doi:10.3389/fnagi.2014.00112
PMCID: PMC4115360  PMID: 25126077
acalculia; activities of daily living; mathematical cognition; neurological diseases; neuropsychological assessment
24.  Functional diversity of 2-oxoglutarate/Fe(II)-dependent dioxygenases in plant metabolism 
Oxidative enzymes catalyze many different reactions in plant metabolism. Among this suite of enzymes are the 2-oxoglutarate/Fe(II)-dependent dioxygenases (2-ODDs). Cytochromes P450 (CYPs) as often considered the most versatile oxidative enzymes in nature, but the diversity and complexity of reactions catalyzed by 2-ODDs is superior to the CYPs. The list of oxidative reactions catalyzed by 2-ODDs includes hydroxylations, demethylations, desaturations, ring closure, ring cleavage, epimerization, rearrangement, halogenation, and demethylenation. Furthermore, recent work, including the discovery of 2-ODDs involved in epigenetic regulation, and others catalyzing several characteristic steps in specialized metabolic pathways, support the argument that 2-ODDs are among the most versatile and important oxidizing biological catalysts. In this review, we survey and summarize the pertinent literature with a focus on several key reactions catalyzed by 2-ODDs, and discuss the significance and impact of these enzymes in plant metabolism.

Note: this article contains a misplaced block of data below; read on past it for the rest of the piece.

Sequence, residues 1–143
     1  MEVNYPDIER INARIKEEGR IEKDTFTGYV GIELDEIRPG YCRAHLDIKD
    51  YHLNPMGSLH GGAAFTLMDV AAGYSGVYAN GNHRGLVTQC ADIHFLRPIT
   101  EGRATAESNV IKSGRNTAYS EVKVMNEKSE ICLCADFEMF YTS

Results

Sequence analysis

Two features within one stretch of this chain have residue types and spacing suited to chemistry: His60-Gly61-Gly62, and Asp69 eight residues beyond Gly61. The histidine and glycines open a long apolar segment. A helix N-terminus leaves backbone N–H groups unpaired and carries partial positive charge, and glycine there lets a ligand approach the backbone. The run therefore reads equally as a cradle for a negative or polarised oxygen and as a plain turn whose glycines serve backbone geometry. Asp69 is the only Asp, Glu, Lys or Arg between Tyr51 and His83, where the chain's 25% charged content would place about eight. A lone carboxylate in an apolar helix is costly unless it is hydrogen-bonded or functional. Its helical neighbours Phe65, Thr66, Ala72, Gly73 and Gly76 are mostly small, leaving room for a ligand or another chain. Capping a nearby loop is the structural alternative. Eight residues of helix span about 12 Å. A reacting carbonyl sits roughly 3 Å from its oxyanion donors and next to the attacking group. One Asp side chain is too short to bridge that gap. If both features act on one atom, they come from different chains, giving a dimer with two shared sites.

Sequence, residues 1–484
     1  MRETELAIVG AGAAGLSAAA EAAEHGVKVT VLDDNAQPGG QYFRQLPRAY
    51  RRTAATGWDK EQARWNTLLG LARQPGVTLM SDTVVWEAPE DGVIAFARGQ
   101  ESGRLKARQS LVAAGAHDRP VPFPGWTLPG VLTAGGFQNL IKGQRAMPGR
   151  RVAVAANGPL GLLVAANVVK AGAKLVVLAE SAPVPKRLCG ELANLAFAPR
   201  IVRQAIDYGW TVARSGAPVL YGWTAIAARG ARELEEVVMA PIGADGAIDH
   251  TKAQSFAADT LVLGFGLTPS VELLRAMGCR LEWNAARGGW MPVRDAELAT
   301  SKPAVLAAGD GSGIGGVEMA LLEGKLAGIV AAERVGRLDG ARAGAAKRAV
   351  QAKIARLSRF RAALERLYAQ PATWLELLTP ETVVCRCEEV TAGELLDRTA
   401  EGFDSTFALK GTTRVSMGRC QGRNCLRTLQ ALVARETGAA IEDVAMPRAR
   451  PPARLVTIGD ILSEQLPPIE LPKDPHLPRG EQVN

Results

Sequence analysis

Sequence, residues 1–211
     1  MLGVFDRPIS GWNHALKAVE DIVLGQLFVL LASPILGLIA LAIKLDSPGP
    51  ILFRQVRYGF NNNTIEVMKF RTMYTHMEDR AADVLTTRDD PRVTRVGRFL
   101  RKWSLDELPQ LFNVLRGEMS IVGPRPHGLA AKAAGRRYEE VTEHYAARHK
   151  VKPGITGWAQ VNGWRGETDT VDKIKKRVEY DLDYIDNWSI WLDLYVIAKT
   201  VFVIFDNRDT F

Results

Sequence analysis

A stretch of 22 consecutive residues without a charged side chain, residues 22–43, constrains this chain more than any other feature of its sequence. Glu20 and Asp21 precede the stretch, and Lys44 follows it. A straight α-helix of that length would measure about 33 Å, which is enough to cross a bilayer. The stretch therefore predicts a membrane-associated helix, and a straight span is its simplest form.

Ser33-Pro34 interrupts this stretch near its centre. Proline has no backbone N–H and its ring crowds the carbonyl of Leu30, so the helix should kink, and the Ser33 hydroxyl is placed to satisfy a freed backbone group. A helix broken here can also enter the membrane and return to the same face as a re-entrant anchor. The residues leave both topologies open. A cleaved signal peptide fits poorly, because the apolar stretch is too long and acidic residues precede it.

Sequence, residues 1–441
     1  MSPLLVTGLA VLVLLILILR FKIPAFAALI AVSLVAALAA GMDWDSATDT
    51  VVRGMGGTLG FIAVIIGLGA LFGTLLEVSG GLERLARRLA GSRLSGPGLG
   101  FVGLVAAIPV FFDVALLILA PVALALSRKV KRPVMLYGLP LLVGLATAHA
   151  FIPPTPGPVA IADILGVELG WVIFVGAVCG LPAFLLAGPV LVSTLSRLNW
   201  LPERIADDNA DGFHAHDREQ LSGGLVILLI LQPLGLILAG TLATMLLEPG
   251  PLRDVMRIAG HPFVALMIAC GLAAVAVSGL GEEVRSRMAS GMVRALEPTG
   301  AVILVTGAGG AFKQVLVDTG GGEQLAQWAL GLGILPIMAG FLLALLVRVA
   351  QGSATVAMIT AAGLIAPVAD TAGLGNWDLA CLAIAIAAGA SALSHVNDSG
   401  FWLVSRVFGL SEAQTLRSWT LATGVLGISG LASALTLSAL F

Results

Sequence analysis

doi:10.3389/fpls.2014.00524
PMCID: PMC4191161  PMID: 25346740
2-oxoglutarate/Fe(II)-dependent dioxygenase; primary metabolism; specialized metabolism; DNA and histone demethylation; iron sensing
25.  Stability of a Lipase Extracted from Seeds of Pachira aquatica in Commercial Detergents and Application Tests in Poultry Wastewater Pretreatment and Fat Particle Hydrolysis 
Enzyme Research  2013;2013:324061.
A protein extract containing a plant lipase from oleaginous seeds of Pachira aquatica was tested using soybean oil, wastewater from a poultry processing plant, and beef fat particles as substrate. The hydrolysis experiments were carried out at a temperature of 40°C, an incubation time of 90 minutes, and pH 8.0-9.0. The enzyme had the best stability at pH 9.0 and showed good stability in the alkaline range. It was found that P. aquatica lipase was stable in the presence of some commercial laundry detergent formulations, and it retained full activity up to 0.35% in hydrogen peroxide, despite losing activity at higher concentrations. Concerning wastewater, the lipase increased free fatty acids release by 7.4 times and promoted the hydrolysis of approximately 10% of the fats, suggesting that it could be included in a pretreatment stage, especially for vegetable oil degradation.
doi:10.1155/2013/324061
PMCID: PMC3884838  PMID: 24455209